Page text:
sharing in governance of extractive industries

The price of gold: Chinese mining in Ghana documentary

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Comment by Nooruddin Poonawala on June 10, 2017 at 17:59

This documentary explains  about illegal mining and all type of irregularities. I travel that part of World several times. I specialize in Minerals and run my business of ethical  ground as I last 35 years in industries. This report prepare by  journalist based on couple of interviews and some sites video. No matter any individual and companies go to any country the main concept to make money. My several years experience in Global Mineral industries all irregularities start from local government and authorities. In Ghana If you are not black you are white and according to their understanding to cheat and steal to white person is normal and in some case it is part of revenge what people did in slavery period. But no one investigate even  international agencies how the slavery business operated. In case of Ghana The powerful tribes ( Ashanti and other ) attaching  less powerful tribes and first instant make their own black population slave and Ashanti tribal chief selling their own brother to outsiders. If some one creating any report they must visit slave camp in Cape cost . In museum there you will see all type of  pictures and explanation . But no one talk about role of Ashanti tribe ( most powerful tribe ) Do their is any one in Ghana have courage to unearth truth. If outsiders go to some country and misuse resources of countries . The first responsibilities lays on local authorities and that country Govt. In short their own people are their enemy but this truth no own wants to speak no local Govt no human rights agencies even people direct suffering. Just for a movement think why local rich  people in Africa do nt want to invest locally. Chinese investment of 3 billion dollars in Ghana may create a strong country economy but I am sure until or unless these nation do not stop their own people to stop cheating and stealing 

Comment by Ron Smit on August 23, 2013 at 11:23

Interesting and colourful, illustrating quite a few issues.  But too much focus on the Chinese aspect.  Chinese actions there are in no way different from what many others, mainly Ghanaians, have been doing for decades.

Some comments:

Rather than discussing locals stealing from Chinese miners (they probably think the Chinese are stealing 'their' gold from the ground anyway) the debate should be around illegal miners of all nationalities stealing wealth from their own current and future generations.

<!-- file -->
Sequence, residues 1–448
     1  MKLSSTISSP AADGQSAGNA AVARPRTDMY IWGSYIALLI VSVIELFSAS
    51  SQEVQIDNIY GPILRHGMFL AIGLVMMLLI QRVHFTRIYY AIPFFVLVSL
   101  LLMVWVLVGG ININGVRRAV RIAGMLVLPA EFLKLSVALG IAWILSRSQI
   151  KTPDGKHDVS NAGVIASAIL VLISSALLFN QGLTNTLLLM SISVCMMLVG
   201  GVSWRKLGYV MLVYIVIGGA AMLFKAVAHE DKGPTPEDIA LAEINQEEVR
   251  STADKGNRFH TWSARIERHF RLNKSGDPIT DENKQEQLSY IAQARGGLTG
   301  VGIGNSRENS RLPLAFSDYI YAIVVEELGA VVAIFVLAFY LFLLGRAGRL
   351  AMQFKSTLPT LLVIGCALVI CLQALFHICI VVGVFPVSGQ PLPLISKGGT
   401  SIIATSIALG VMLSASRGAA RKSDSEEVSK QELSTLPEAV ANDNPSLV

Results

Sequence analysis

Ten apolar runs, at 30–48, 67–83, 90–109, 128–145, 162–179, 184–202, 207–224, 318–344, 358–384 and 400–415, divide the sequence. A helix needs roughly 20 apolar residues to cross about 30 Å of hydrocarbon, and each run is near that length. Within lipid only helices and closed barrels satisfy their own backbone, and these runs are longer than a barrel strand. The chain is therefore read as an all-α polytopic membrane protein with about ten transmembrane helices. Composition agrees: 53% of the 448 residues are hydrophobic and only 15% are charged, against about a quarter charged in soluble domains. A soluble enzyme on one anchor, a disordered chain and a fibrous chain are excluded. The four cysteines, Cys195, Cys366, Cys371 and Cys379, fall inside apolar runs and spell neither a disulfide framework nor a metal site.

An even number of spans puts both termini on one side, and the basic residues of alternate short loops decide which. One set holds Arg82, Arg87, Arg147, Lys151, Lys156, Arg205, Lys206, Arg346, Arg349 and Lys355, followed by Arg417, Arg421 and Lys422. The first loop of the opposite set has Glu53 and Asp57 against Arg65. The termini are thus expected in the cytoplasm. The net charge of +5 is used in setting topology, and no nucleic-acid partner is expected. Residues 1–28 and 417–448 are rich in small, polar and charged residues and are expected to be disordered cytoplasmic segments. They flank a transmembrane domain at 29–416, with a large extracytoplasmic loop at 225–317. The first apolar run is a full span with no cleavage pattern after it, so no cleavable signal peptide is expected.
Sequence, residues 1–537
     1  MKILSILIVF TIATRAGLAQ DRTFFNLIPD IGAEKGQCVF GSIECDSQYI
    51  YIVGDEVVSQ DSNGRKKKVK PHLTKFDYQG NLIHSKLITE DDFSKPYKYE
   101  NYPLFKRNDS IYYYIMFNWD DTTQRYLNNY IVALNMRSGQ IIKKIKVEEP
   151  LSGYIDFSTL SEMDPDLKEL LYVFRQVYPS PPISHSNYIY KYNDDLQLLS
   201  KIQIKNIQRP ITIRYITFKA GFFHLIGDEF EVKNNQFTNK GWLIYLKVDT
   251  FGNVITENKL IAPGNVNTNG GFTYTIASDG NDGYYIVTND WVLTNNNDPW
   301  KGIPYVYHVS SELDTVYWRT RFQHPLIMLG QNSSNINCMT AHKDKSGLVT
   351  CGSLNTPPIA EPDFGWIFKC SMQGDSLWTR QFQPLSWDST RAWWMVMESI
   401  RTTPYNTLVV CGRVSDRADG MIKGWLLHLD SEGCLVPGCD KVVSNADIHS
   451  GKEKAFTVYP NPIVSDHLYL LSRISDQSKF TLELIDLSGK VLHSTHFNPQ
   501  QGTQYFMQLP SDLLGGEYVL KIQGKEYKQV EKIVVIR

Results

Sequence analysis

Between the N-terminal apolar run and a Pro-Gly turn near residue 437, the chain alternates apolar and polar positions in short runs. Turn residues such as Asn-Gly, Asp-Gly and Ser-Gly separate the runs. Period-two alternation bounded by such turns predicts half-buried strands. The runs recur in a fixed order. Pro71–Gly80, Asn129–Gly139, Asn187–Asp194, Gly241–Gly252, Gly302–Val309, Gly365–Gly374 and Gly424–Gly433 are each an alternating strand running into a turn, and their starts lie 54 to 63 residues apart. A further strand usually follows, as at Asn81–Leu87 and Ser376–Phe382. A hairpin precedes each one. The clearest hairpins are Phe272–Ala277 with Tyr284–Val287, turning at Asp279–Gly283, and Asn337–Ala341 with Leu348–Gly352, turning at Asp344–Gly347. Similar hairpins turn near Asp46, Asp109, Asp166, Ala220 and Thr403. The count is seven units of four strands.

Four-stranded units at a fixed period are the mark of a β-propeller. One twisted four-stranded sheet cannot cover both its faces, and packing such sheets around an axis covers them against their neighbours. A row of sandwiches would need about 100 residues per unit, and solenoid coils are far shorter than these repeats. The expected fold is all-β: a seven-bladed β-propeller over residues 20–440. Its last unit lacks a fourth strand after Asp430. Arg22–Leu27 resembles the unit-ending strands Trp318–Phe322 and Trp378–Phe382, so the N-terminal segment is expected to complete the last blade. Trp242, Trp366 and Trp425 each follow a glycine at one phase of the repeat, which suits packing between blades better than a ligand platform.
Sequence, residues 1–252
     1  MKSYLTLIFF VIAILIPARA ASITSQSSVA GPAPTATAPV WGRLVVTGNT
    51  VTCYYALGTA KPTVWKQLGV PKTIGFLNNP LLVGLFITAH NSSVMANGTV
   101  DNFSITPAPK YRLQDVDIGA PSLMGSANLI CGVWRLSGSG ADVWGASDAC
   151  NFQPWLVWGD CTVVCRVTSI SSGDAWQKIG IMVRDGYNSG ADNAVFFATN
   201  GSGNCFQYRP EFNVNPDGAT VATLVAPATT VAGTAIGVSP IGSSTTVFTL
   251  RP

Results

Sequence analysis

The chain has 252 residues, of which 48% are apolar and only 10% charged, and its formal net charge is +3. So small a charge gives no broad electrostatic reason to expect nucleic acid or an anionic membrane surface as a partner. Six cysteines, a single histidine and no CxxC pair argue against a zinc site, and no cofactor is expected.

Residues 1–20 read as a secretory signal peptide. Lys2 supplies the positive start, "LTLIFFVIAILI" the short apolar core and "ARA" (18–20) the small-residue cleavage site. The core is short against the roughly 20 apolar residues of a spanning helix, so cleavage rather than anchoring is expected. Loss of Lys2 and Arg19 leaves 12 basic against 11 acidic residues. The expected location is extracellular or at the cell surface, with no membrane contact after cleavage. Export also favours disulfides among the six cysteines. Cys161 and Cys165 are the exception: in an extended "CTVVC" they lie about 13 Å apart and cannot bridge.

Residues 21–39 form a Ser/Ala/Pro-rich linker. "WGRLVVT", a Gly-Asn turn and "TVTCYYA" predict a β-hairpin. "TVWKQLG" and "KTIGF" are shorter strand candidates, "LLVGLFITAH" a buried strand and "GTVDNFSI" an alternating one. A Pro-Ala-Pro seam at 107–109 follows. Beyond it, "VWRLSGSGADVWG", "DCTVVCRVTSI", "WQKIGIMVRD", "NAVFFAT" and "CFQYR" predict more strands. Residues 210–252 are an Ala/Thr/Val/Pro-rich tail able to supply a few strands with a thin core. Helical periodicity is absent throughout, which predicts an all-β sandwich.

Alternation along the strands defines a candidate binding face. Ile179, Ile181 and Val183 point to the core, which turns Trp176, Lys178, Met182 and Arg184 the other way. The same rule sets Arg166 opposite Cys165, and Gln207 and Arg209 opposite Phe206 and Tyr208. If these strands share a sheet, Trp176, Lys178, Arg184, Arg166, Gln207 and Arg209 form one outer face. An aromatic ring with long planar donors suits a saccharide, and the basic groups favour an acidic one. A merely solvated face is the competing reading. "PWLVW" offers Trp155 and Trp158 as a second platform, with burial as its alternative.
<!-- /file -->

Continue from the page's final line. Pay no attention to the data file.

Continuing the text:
Selling to the PMMC (whether miners are illegal or not) is the only way in which the country can obtain a royalty payment.  The appropriate use of royalty payments is one way for government to offset the loss of wealth.

Whether something is deemed illegal or not, does not guarantee that the law will be or can be enforced.  In theory the police should enforce the laws of the country, acting against illegal miners, and even protecting the rights of legal miners, whether small-scale, or large international ones.  In practice they do not have the manpower or other resources, and have frequently required legal licence holders to pay them directly in order to evict illegal 'galamsey' or illegal operators.  This leads to comments that the police/government are in cahoots with large international companies, creating perceptions of corruption.

A solution is not simple, people almost expect the police to be incapable and corrupt, and many people certainly have grown used to the 'Ghanaian way' of doing things.  To further complicate matters, it is alleged that the eventual benefits of many illegal so-called 'small-scale' operations accrue to businessmen in cities and possibly even in some levels of local or national government.

Small-scale mining is full of problems, but is never going to disappear.  The answer has to lie in some way of formalisation, using a mixture of better governance and improved conditions for the workers.  That solution will not be easy, but will need to address issues in much greater depth than seen in this documentary.


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